In November 2016, I sat in a crowded lecture theatre in Malé, capital of the Maldives, feeling confused. I was at the Maldives Marine Science Symposium and nearly every presenter was speaking about coral “restoration” – trialling ways to grow coral to help coral reefs recover from damage caused by bleaching due to climate change, pollution and coastal development.
I had read about the various ways you can restore a reef but most of the speakers were presenting about “fragging’’, the practice of breaking off pieces of coral from the reef or collecting ones that have already broken off and attaching them to strange looking underwater structures using plastic cable ties. Once the corals have grown, they are transplanted to natural or artificial reefs.
Questions began to race through my mind. Why were none of these resorts doing fisheries projects – which you might expect them to be as there is a symbiotic relationship between healthy populations of reef fish and healthy reefs? How had this kind of gardening with coral become a trend? Who was looking at how these projects were done and deciding whether they were doing more harm than good?
A year later, coral restoration was back on my radar. I was invited to a meeting with a company, to discuss their new coral restoration programme. The company claimed they had restored several hectares of reef in an Indonesian Island where the reef had been bombed by blast fishing. The programme was certainly remarkable. The team had secured support from the Indonesian community, who started to take a leading role in the project by planting the corals themselves. Coral restoration was also clearly needed in this area, where dynamite fishing had destroyed the physical structure of the reef and left nothing but rubble. The project worked, given the circumstances, but what did not fill me with confidence was the cost and scale – the cost was very high, the scale was very small. It had cost a quarter of a million US dollars to restore a single hectare of reef.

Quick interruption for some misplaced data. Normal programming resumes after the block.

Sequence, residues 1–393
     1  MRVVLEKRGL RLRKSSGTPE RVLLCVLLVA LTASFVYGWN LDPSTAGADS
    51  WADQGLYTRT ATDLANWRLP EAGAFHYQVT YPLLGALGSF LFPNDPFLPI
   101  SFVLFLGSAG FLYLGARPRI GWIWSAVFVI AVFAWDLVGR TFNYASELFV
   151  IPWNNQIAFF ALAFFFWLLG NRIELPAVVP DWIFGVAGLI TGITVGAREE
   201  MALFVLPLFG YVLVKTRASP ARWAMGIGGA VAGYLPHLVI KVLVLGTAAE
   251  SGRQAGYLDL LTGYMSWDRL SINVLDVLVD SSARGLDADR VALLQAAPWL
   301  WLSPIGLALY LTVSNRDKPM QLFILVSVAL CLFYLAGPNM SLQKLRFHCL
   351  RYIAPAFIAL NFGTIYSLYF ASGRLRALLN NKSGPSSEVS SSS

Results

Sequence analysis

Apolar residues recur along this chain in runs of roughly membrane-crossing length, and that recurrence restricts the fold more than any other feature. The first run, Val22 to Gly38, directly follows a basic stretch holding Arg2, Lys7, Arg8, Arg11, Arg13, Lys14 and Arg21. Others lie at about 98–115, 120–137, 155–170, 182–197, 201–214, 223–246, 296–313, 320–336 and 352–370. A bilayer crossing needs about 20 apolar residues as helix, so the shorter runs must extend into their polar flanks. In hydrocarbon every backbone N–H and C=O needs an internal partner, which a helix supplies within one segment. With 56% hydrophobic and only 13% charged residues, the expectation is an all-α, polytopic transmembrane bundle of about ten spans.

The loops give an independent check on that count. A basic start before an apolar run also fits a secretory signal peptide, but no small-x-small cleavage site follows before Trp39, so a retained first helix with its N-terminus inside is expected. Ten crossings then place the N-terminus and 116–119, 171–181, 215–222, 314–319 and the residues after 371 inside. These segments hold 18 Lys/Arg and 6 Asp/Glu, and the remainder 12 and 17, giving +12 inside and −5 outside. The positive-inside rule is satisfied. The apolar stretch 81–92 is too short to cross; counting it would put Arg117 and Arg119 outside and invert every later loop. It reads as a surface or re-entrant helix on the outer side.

Yet, according to a study by Dirk Zeller and Daniel Pauly, two of the world’s leading fisheries scientists, it cost 96 US dollars to protect each square kilometre of reef within Papahanamokuakea Marine National Monument which equates to a cost of 0.96 US Dollars per hectare. This is one of the largest marine protected areas (MPAs) in the world which is in the Northwestern Hawaiian Islands and covers an area of 151 million hectares. Admittedly, costs vary and creating small MPAs is more expensive but, even in the Philippines, it cost 102,591 US dollars per square kilometre or 1,025.91 US dollars to create Biblik MPA-only 0.2km2 in size.
I left that meeting feeling frustrated. One of the wealthiest companies in the world wanted to help coral reefs, yet had decided to fund coral restoration, arguably the least economically effective way of doing so. When did coral restoration by artificial means – instead of re-creating the best conditions for nature to do it by itself – start to be perceived as the most viable solution? And should we continue to regard it as such?